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UF Scientists To Participate In Everglades Restoration Conference

Tom Nordlie (352) 392-1773 x 277

Ronnie Best, (305) 348-3965
Ramesh Reddy, (352) 392-1804
Joseph Schaefer, (352) 392-7622

GAINESVILLE, Fla—Scientists from the University of Florida’s Institute of Food and Agricultural Sciences will participate in the Greater Everglades Ecosystem Restoration Science Conference in Naples next month, joining hundreds of experts to discuss a 30-year plan to restore the Florida Everglades.

The five-day conference, to be held Dec. 11-15 at the Naples Beach Hotel and Golf Club, will host physical, biological and social scientists from universities and government agencies, said conference chairman Ronnie Best, chief of the restoration ecology branch of the U. S. Geological Survey in Miami. Conference topics include wildlife ecology, water circulation, water quality and treatment, land use, agricultural economics and data management, he said.

The conference will include more than 275 presentations and informational posters, Best said. More than 375 people have registered to attend the conference.

“The main goal of this conference is to evaluate how far we’ve come in restoring the Florida Everglades,” said Ramesh Reddy, chairman of UF’s soil and water science department. “We’ll be discussing research that’s been done, how useful that research is and how the research data can be used to restore the Everglades ecosystem.”

Faculty from UF’s wetland biogeochemistry laboratory will present two papers at the conference on water and soil chemistry in the Everglades. Other UF participants include scientists in entomology and nematology, food and resource economics, wildlife ecology and conservation and soil and water science, as well as the Center for Wetlands and Center for Natural Resources.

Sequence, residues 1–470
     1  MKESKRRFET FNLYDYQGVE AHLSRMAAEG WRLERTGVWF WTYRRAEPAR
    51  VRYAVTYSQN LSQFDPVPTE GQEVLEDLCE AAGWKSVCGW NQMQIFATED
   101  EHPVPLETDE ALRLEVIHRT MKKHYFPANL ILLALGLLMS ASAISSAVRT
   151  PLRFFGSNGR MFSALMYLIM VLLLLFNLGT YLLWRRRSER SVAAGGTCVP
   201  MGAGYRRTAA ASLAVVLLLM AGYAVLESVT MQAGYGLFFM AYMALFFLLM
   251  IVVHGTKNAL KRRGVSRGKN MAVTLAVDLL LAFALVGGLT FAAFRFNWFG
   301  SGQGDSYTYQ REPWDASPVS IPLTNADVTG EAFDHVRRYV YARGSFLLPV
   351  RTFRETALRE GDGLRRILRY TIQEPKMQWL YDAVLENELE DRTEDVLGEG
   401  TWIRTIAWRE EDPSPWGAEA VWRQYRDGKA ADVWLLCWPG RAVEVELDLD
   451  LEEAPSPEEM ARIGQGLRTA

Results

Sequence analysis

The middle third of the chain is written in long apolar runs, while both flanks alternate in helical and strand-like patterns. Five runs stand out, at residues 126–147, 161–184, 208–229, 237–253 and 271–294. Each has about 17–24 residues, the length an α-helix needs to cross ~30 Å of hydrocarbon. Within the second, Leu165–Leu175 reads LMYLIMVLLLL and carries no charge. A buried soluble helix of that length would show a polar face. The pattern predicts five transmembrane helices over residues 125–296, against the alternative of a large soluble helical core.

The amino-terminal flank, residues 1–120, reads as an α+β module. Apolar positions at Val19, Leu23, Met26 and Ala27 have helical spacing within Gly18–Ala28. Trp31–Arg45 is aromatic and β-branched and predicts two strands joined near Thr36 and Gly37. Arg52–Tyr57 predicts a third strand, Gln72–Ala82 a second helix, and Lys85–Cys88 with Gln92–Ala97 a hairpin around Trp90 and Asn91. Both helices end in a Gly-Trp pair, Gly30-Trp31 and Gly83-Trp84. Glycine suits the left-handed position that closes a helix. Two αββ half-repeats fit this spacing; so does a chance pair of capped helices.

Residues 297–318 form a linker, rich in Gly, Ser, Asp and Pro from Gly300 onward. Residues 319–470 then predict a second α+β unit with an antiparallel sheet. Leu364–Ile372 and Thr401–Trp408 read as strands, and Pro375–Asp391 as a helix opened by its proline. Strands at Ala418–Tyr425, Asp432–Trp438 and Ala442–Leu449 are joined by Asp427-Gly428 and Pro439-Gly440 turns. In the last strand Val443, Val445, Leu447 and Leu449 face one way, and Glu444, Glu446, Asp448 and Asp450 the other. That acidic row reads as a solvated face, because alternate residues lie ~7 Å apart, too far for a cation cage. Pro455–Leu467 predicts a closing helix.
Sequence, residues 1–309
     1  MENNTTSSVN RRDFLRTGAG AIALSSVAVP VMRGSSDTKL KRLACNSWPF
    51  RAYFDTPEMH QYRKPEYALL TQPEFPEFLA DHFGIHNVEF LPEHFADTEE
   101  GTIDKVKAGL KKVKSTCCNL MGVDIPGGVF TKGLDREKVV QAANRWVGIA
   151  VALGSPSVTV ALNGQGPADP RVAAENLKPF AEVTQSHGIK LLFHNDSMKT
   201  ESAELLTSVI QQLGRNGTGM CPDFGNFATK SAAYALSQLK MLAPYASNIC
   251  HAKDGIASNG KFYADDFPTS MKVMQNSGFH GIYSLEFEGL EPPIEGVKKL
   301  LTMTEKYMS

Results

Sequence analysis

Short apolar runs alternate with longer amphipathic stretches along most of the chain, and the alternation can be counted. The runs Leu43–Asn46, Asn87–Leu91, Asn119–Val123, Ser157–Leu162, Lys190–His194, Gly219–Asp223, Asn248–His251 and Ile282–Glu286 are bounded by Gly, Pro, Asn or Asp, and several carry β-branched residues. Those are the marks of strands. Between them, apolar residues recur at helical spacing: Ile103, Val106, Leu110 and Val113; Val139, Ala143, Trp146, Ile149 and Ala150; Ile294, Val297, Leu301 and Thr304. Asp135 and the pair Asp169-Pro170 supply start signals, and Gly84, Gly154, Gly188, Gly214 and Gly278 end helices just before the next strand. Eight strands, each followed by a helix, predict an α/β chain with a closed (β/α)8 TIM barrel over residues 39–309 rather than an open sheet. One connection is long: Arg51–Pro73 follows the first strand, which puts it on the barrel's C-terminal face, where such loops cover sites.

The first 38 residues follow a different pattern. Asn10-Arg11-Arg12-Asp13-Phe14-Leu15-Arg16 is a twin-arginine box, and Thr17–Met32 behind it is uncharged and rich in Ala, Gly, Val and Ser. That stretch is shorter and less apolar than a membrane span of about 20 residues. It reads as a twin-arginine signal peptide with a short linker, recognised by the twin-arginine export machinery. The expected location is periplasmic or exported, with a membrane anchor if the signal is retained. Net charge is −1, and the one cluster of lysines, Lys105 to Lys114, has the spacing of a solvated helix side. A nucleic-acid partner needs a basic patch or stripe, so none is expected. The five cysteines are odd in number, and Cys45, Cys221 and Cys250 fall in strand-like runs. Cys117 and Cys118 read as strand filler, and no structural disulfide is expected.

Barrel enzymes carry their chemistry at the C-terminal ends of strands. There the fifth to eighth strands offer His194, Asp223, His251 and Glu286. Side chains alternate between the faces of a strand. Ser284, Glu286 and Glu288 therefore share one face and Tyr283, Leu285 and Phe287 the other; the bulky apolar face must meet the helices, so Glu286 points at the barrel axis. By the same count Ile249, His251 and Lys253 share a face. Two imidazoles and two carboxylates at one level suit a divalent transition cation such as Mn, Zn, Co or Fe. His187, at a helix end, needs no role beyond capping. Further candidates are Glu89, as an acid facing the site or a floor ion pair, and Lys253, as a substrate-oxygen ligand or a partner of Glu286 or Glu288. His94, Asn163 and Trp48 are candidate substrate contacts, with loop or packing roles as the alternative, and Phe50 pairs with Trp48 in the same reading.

“The UF has played a major role in supplying the science that provides the foundation for this conference,” said Joseph Schaefer, director of Center for Natural Resources and moderator for a conference session on bird population studies.

“This is a very large conference, considering that it’s dedicated to one specific geographical area,” Best said.

The conference is an outgrowth of the South Florida Ecosystem Restoration Task Force and Working Group, a combined state and federal task force created in 1996 to oversee restoration of the Everglades, Best said. The science coordination team for the task force recommended that the conference be held to provide an overview of all scientific activities for Everglades restoration, he said.

“The conference is especially important because the state and federal government recently allocated $7.8 billion toward Everglades restoration,” Best said. “The theme of the conference is ‘defining success.’ In other words, how do we define success in regard to restoring the Everglades? Before we begin to use this funding, we need to know what we can expect to achieve.”

He said the Everglades is a unique wetlands ecosystem located in South Florida. Historically, the Everglades has provided many ecological benefits, including wildlife habitat, flood control, water quality enhancement and long-term recharge of ground water, Best said.

Development and pollution damaged the Everglades throughout much of the 20th century, he said, but restoration efforts begun in the mid-1980s are making progress.

“Governor Chiles and now Governor Bush aggressively picked up the theme of Everglades restoration and have pushed it along very well,” Best said. “The fact that this restoration plan is supported by both political parties shows the significance of the problem and the quality of the plan.”

For further information or online registration, visit the conference Web site at

Julie Carson from UF’s Southwest Florida Research and Education Center in Immokalee will be available at the conference to handle special media requests. Telephone (941) 658-3400, fax (941) 658-3469, e-mail